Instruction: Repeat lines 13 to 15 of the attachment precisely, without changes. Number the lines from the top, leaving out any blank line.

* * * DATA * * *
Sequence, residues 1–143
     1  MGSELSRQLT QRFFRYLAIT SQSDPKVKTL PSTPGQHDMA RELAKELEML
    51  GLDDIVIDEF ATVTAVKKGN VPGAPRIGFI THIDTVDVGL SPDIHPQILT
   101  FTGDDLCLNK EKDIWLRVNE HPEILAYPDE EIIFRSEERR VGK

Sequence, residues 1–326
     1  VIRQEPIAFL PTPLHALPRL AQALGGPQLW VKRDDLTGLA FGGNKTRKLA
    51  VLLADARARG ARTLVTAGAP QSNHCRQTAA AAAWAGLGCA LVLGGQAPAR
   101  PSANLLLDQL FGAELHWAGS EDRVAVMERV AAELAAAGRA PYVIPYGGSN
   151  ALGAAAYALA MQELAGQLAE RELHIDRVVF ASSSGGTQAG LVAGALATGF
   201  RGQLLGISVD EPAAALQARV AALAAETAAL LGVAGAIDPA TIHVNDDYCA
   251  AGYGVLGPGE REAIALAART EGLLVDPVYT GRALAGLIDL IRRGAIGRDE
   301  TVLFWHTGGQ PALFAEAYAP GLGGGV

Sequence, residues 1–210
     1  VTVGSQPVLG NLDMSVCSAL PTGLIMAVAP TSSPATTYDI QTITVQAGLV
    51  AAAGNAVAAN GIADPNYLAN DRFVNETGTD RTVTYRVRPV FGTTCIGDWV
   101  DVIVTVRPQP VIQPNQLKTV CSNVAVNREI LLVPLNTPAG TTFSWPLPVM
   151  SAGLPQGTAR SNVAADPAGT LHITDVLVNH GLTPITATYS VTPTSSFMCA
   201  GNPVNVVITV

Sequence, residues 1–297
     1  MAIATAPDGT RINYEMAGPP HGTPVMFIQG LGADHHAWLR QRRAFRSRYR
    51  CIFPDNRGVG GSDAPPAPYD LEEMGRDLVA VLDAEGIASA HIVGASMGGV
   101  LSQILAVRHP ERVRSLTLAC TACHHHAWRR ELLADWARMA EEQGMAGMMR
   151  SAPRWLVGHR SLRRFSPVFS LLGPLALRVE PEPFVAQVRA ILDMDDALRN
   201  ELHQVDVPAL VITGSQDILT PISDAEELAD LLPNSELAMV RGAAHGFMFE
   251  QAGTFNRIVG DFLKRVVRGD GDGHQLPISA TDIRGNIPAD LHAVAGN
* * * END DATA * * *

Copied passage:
Sequence, residues 1–210
     1  VTVGSQPVLG NLDMSVCSAL PTGLIMAVAP TSSPATTYDI QTITVQAGLV
    51  AAAGNAVAAN GIADPNYLAN DRFVNETGTD RTVTYRVRPV FGTTCIGDWV